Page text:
It wasn't all bad, though. I did accidentally discover a new author. It was one of those crap shoots, standing in the library, desperate for a decent summer read that wouldn't be crass or depressing or just plain dumb. May I introduce Charles Martin? I was so taken with the first book I read by him that I went back for two more.  I also discovered and enjoyed Khaled Hosseini and Wendell Berry.

Sixty-nine books in all. Some good, some bad.
Some of them I read with or for the kids.
One or two I read with Brett.
This is my reading list for 2015.

Know the Heretics by Justin Holcombe
Greenmantle by John Buchan
Is God Anti-Gay? by Sam Allberry
Iliad and the Odyssey by Padraic Column
The Ragamuffin Gospel by Brendan Manning
The Unadjusted Gospel by Mark Dever et. al.
The Bronze Bow by Elizabeth George Speare
Gaudy Night by Dorothy Sayers
The Blessing Book by Linda Dillow
Brat Farrar by Josephine Tey

BFG by Roald Dahl
Introduction to Covenant Theology by Michael Horton
Julius Caesar by William Shakespeare
Gone Away Lake by Elizabeth Enright
Uncle Dynamite by PG Wodehouse
Liberty Defined by Ron Paul
Secret Garden by Frances Hodgson Burnett
Future Men by Douglas Wilson
Children of Hurin by JRR Tolkien
What's Best Next by Matt Perman

Call It Courage by Armstrong Sperry
Wisdom of Father Brown by GK Chesterton
Indian in the Cupboard by Lynn Reid Banks
Tenant of Wildfell Hall by Anne Bronte
Aunts Aren't Gentlemen by PG Wodehouse
Magician's Nephew by CS Lewis
Singing Sands by Josephine Tey
Inklings of Oxford by Harry Lee Poe
Theology of the Reformers by Timothy George
The Supreme Court by William Rehnquist

Mom Enough: The Fearless Mother's Heart and Hope by Desiring God
Napoleon's Buttons: 17 Molecules that Changed the World  by Jay Burreson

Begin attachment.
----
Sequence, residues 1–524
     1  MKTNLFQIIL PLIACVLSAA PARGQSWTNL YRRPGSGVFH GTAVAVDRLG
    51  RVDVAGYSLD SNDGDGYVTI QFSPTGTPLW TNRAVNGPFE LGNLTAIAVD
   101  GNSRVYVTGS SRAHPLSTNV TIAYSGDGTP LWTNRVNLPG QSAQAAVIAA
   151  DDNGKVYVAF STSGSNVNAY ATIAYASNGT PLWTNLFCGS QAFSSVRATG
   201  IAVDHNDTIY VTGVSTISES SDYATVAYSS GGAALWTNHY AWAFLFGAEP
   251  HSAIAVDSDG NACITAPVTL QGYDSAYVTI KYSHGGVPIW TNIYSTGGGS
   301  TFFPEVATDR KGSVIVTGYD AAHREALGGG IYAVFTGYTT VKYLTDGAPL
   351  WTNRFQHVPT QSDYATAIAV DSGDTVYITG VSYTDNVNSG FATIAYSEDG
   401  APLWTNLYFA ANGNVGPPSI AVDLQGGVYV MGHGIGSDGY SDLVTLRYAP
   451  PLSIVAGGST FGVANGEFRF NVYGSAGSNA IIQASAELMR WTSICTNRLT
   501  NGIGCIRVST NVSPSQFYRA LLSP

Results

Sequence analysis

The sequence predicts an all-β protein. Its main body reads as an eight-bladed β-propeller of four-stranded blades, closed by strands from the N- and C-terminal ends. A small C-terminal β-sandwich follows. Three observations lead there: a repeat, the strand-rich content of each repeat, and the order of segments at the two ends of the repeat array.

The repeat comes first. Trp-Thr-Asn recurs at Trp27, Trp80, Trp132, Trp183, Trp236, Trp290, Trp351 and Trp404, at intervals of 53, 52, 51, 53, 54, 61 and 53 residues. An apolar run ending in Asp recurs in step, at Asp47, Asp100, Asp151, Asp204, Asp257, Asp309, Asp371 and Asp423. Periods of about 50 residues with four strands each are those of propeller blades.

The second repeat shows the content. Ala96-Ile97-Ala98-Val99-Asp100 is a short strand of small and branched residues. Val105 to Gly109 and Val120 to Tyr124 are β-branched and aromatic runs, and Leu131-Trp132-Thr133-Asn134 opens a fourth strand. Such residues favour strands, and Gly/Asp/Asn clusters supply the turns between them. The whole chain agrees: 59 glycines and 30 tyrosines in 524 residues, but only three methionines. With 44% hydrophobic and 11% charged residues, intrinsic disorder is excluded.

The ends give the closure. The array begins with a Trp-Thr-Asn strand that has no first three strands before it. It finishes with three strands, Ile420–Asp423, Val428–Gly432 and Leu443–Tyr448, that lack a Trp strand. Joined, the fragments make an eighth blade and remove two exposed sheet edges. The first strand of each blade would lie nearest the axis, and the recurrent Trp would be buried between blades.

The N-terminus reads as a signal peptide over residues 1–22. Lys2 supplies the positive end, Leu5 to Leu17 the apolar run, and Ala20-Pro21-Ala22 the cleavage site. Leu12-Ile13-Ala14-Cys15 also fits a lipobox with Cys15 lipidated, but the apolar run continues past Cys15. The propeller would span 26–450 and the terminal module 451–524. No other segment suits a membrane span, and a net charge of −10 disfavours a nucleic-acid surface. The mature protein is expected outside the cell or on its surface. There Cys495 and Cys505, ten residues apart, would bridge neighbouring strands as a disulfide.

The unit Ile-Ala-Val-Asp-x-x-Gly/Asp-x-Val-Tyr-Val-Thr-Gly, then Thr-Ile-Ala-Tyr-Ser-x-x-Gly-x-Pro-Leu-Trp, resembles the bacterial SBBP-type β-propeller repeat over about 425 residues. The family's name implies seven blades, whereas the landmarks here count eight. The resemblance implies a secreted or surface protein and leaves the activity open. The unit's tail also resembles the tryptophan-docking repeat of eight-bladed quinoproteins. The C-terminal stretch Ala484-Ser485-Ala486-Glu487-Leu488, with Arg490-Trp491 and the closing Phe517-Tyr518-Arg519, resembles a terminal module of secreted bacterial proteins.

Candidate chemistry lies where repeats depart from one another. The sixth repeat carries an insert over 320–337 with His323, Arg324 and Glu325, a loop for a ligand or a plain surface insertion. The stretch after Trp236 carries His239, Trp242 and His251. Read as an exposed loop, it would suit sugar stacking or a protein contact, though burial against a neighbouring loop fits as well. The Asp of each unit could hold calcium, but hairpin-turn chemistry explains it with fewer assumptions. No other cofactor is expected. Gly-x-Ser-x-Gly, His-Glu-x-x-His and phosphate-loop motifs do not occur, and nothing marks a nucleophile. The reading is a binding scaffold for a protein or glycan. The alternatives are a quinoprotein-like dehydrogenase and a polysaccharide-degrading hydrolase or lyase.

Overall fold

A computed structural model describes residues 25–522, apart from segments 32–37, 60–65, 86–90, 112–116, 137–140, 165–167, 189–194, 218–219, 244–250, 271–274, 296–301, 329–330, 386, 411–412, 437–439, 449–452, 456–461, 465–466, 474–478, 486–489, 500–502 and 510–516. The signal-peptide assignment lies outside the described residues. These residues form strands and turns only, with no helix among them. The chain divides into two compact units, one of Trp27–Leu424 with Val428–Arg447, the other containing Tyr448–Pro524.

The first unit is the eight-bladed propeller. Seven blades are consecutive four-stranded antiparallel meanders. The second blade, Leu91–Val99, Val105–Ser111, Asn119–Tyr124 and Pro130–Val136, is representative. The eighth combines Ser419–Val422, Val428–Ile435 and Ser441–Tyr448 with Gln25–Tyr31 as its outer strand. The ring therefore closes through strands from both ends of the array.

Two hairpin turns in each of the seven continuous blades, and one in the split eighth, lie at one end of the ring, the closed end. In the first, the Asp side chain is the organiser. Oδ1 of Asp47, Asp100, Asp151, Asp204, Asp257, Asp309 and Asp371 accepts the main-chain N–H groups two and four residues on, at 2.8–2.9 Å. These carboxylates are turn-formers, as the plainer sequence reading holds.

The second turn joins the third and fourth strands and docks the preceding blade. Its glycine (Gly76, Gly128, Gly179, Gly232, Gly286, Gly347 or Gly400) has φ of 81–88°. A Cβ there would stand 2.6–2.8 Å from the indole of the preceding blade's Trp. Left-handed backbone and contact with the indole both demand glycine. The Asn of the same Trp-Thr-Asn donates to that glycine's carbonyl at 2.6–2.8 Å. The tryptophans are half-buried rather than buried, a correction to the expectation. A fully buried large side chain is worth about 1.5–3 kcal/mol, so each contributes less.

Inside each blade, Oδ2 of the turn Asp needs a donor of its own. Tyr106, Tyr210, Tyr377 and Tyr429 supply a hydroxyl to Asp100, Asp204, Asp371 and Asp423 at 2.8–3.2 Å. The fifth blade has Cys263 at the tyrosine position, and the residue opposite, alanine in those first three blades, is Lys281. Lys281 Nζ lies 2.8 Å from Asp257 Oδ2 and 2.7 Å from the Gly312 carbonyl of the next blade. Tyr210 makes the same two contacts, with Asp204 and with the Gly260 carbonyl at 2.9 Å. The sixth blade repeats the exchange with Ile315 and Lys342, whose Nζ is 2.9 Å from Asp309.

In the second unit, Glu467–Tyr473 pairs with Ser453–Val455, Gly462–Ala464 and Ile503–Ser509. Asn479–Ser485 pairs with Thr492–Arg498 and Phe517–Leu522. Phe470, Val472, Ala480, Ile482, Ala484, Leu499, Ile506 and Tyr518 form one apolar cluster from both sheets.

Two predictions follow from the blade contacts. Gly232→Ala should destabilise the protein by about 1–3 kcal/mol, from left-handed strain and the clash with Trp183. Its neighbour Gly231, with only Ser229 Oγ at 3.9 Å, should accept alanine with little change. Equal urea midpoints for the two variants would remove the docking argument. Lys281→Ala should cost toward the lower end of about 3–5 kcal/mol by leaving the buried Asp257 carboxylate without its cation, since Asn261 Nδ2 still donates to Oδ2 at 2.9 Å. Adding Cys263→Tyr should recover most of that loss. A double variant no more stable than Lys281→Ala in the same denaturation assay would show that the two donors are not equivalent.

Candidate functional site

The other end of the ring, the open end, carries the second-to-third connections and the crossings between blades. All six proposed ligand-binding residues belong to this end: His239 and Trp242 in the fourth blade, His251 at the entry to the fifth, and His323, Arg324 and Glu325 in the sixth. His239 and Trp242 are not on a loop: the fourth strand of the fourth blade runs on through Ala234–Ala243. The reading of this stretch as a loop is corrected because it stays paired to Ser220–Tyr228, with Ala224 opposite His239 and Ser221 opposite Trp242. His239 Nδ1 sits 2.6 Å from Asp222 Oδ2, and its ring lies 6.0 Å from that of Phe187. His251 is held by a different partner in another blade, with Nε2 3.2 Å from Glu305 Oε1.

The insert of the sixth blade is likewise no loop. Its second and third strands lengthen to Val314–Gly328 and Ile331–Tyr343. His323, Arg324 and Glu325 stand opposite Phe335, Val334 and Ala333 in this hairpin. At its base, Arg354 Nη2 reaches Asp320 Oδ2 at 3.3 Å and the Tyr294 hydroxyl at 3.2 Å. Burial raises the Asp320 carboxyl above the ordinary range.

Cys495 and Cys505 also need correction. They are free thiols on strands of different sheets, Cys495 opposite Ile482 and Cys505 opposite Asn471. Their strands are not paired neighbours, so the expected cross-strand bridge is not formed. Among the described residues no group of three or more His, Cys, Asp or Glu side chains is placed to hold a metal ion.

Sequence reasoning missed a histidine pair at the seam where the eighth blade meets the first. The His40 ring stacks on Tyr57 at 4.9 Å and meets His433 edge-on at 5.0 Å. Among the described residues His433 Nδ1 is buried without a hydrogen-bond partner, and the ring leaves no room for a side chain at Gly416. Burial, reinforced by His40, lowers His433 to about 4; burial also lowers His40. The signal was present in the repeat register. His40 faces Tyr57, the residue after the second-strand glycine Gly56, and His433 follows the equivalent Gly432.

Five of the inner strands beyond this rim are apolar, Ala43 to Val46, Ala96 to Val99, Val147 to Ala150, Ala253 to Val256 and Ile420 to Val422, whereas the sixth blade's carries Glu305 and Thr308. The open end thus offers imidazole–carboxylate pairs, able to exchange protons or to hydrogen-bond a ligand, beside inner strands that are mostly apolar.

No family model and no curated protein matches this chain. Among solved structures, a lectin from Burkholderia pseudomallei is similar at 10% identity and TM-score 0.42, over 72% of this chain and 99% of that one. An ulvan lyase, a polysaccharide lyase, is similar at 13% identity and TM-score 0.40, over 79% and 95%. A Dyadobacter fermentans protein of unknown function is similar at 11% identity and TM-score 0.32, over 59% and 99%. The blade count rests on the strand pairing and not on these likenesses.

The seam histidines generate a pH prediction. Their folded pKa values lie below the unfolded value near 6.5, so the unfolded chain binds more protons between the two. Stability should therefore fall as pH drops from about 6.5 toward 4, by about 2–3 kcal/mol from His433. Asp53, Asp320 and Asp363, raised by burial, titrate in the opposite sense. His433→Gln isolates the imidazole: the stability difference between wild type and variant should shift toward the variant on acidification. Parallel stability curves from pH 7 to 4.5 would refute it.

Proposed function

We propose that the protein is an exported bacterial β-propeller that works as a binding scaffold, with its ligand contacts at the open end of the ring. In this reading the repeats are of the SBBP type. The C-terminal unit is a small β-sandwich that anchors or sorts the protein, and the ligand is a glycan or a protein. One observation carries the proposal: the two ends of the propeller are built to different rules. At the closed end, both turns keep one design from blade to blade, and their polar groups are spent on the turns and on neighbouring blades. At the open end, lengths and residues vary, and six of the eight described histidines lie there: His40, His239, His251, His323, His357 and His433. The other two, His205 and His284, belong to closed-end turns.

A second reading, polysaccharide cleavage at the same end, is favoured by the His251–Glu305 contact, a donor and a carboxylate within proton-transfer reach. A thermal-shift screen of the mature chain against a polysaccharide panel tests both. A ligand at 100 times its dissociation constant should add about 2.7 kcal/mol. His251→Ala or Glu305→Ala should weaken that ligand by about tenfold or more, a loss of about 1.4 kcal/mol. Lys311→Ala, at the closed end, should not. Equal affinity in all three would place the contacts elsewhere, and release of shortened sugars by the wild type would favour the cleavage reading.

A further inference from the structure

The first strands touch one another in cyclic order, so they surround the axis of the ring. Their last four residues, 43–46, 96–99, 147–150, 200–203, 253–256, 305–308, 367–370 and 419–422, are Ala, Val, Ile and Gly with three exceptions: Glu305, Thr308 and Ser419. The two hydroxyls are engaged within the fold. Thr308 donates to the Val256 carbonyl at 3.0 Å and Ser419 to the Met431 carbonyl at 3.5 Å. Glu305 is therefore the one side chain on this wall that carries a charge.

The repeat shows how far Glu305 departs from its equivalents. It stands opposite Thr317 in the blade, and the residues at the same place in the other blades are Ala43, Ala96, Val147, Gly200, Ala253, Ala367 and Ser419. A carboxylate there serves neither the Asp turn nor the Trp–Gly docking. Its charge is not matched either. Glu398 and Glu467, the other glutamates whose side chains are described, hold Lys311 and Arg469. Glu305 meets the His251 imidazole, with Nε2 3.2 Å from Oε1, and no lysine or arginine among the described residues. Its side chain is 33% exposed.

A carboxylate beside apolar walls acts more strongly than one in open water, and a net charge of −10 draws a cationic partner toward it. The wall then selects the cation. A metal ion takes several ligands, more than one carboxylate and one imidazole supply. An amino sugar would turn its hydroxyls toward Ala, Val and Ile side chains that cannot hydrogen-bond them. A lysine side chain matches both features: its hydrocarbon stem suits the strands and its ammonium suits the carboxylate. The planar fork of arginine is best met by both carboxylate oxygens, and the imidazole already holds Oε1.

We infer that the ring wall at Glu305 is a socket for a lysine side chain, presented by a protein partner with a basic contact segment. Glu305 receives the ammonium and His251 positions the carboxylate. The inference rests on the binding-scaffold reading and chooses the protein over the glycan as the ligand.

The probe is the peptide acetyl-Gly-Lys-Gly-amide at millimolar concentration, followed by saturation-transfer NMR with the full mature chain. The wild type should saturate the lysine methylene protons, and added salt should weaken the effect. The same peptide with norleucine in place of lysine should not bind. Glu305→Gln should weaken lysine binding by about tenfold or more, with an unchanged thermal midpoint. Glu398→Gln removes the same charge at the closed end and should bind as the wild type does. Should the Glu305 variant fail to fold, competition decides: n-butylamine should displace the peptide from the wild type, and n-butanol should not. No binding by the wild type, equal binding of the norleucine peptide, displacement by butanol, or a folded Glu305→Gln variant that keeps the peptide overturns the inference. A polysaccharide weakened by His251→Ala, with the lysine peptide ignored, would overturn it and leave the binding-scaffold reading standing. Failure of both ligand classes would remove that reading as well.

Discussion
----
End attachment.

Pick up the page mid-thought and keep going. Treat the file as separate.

Instructing a Child's Heart by Tedd Tripp
Accidental Feminist by Courtney Reisig
At Home in Mitford by Jan Karon
Goodbye for Now by Laurie Frankel
The Kite Runner by Khaled Hosseini
Five Points by John Piper
The Last Battle by CS Lewis
Girl Talk by Carolyn Mahaney

Women's Ministry in the Church by Ligon Duncan and Susan Hunt
The Two Towers by JRR Tolkien
'Til We Have Faces by CS Lewis
When Crickets Cry by Charles Martin
Life With Strings Attached by Minnie Lamberth
A Life Intercepted by Charles Martin
On Earth As It Is In Heaven by Wyman Richardson
Love or Die by Alexander Strauch
Beowulf translated by Seamus Heaney
Chasing Fireflies by Charles Martin

The Biggest Story by Kevin DeYoung
Otto of the Silver Hand by Howard Pyle
The Gospel's Power and Message by Paul Washer
The Church of the East edited by John Holzman
The Gammage Cup by Carol Kendall
The Shining Company by Rosemary Sutcliffe
Ginger Pye by Eleanor Estes
Sermon on the Mount by Sinclair Ferguson
Jane Eyre by Charlotte Bronte
Way of Ignorance by Wendell Berry

Christianity and Liberalism by J. Gresham Machen
A Parcel of Patterns by Jill Paton Walsh
Courtship in Crisis by Thomas Umstattd, Jr.
More Than a Carpenter by Josh McDowell
Calm My Anxious Heart by Linda Dillow